Months To Years Fall 2018 Months To Years Fall 2018 - Page 46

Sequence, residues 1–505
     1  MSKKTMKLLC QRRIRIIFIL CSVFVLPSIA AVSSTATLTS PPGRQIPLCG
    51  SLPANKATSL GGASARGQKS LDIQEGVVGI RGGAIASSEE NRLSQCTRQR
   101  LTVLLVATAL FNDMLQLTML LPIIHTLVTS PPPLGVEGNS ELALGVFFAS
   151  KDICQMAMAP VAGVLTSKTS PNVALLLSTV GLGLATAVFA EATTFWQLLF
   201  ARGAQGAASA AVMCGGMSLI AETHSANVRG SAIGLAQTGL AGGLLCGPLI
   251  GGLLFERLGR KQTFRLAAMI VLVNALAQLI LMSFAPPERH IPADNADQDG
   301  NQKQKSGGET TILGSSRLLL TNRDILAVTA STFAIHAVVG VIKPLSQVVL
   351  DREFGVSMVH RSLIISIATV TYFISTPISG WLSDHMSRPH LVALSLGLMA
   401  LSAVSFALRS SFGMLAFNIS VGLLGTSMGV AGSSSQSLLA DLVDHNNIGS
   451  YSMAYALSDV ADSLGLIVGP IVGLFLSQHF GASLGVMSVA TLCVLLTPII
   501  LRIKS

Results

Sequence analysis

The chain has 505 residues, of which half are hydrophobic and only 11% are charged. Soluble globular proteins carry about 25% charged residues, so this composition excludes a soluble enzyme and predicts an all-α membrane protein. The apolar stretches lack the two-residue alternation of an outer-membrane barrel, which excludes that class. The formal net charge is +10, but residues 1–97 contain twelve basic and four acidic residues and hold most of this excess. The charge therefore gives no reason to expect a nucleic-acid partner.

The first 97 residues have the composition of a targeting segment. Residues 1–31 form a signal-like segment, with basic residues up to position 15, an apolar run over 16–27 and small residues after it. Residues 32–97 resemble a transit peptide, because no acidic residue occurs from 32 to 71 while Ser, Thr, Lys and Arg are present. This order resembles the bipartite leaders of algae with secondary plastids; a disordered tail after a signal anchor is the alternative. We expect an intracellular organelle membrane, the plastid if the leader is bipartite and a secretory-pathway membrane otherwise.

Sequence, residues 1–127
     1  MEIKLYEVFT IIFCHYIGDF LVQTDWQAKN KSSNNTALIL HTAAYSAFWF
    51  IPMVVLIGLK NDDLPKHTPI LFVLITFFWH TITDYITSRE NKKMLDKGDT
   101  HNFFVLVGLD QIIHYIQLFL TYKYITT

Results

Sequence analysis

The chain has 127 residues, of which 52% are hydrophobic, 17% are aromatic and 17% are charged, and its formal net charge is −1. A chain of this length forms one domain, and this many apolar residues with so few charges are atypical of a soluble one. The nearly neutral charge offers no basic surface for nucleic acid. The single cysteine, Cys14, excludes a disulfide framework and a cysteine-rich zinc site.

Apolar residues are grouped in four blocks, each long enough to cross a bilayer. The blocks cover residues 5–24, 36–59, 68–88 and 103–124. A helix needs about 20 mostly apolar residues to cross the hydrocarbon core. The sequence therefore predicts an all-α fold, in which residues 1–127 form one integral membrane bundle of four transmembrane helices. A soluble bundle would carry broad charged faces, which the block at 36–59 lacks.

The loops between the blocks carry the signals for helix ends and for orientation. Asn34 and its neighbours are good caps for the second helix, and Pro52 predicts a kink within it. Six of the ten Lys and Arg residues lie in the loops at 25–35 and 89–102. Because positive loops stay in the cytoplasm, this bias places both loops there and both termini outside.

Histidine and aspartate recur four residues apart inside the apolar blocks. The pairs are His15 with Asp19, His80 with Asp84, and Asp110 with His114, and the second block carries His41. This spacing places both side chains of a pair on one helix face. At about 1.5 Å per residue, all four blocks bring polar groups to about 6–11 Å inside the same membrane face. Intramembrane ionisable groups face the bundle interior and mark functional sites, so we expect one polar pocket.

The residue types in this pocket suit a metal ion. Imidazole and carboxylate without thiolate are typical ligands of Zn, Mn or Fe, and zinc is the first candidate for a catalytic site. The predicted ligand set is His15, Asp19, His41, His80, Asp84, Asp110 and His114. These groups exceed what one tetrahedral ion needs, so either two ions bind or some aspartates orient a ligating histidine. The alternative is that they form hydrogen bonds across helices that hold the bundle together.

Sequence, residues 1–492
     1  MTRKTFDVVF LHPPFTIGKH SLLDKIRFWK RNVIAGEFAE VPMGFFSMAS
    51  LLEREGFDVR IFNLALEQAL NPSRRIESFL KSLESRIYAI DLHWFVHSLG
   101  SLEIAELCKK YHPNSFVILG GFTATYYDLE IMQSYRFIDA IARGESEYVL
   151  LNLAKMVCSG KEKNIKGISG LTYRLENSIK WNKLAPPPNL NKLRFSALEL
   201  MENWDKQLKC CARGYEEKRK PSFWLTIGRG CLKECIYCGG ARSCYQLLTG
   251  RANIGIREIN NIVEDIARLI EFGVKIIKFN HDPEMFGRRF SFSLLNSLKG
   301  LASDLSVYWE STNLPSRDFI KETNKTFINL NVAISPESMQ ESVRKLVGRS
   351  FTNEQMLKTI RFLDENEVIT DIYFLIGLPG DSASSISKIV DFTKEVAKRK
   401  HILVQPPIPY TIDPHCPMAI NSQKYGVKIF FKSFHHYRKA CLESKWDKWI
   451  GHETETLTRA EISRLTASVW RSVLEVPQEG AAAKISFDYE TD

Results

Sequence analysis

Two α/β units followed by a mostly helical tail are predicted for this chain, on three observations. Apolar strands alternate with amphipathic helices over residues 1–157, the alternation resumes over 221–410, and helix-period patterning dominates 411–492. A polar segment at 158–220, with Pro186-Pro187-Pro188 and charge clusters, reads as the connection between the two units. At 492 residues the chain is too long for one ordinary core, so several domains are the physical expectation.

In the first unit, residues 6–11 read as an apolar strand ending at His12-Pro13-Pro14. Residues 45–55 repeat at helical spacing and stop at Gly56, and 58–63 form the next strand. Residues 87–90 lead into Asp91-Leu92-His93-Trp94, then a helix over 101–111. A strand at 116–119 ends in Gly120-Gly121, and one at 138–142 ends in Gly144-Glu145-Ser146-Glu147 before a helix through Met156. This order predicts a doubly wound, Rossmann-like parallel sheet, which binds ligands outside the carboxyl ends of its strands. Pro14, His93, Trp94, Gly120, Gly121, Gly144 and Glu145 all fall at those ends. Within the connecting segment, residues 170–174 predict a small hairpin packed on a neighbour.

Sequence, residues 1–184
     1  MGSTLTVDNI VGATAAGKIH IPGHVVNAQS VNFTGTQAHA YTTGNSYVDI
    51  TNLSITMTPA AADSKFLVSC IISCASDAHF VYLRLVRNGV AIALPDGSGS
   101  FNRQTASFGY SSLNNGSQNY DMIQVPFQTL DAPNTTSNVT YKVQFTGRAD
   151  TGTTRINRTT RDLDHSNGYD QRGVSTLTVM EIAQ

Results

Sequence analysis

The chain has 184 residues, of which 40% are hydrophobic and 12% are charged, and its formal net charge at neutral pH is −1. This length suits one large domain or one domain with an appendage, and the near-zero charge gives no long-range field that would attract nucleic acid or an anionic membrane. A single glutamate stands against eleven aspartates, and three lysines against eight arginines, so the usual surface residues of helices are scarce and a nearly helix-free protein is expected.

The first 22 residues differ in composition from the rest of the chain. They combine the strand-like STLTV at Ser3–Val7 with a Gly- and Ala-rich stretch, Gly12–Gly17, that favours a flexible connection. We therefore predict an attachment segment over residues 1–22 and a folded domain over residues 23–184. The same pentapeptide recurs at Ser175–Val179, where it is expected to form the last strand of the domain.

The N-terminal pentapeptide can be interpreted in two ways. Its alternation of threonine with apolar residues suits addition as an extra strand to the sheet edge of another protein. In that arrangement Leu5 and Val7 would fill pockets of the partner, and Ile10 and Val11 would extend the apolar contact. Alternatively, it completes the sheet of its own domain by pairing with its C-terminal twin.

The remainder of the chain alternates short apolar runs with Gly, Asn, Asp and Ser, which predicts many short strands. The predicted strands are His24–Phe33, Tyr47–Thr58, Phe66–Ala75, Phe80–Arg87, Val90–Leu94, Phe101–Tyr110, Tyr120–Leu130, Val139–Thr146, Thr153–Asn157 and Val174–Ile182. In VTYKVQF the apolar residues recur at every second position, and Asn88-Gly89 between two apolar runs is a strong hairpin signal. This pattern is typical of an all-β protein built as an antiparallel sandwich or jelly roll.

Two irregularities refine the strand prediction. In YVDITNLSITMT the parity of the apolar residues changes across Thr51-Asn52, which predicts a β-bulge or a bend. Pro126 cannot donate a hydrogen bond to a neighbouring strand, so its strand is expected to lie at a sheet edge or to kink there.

feed and change her; a bathroom stall, an empty exam more information, to no avail. Apparently, few men taking room, a distant garden. It was all about doing my best the drug for malignant melanoma impregnated people. to make us disappear. I didn’t want to bother anyone. We would have to wait and see. We were a bother enough already. This was about Brad.   No one told me the family was just as important. No one explained that this was for our protection. I became a ghost in my life. When the prenatal screening came back with a high risk for Down syndrome, we were back to the perinatologist again. Despite a clean bill of health from the subsequent amniocentesis, our frayed nerves barely made it through As Taryn approached her first birthday, the time came for the process. Despite the good news, Brad shook his head me to return to work. I no longer needed to go it alone. as we left the hospital. Daycare would help. And Brad’s leg had healed from his initial surgery. Despite ongoing interferon treatments, he “Never again,” he said.  returned to work as well.   We would never get the chance to try again regardless.  and loss? Plenty of women struggled with putting their By the time our second daughter was born, we were children in daycare, but this somehow felt harder. I tried dazed, but elated. We were a united front, a family. We to remind myself that we would have more helpers and chose life, despite the spectre of cancer. Our babies were thus embrace normal again. But nothing felt normal after born. Our home was a constant DIY-home-improvement hospitals dominated Taryn’s first year. It was her and I project. Various doctor appointments littered our calendar; against the system fighting to save her father. My identity baby checkups, oncology appointments, dates for blood- was linked to protecting us. She was my reason to stay work, operations. The lists were exhaustive. strong. Through it all, Brad continued to plan and look to the So why couldn’t I shake the feelings of abandonment future. He renovated, we sold our house, we bought “Maybe if I get pregnant right away,” I thought “she won’t another… have to be in daycare long…” Before the deals closed though, fate intervened.  It was not a good reason to have a baby, but we had always planned on more. And before we could rethink “I can’t move my hand…” timing, it was too late. We were expecting, whether it added more stress to our overwhelming journey or not. “What do you mean?” I asked. “What should I do? Can I get you something? Should I call 911?” “Brad was taking interferon when I got pregnant,” I stated when they confirmed the pregnancy. I raced between him and the phone. The fridge for telephone numbers and the stove where dinner was “Could it affect the baby?”  cooking. The baby in her chair and the toddler staring wide-eyed in the background… No one knew. It placed me in a higher risk category though. And sent me off to specialists of my own. The “Just give me a minute…” I said. perinatologist suggested that I could be at higher risk for miscarriage. There weren’t any real statistics they could But our minutes were now fleeting. The cancer had spread pull from though. They knew of a handful of women with to Brad’s brain. After a week in hospital, the experts multiple sclerosis who had taken interferon and become weighed in. pregnant. My sister contacted the makers of the drug for 46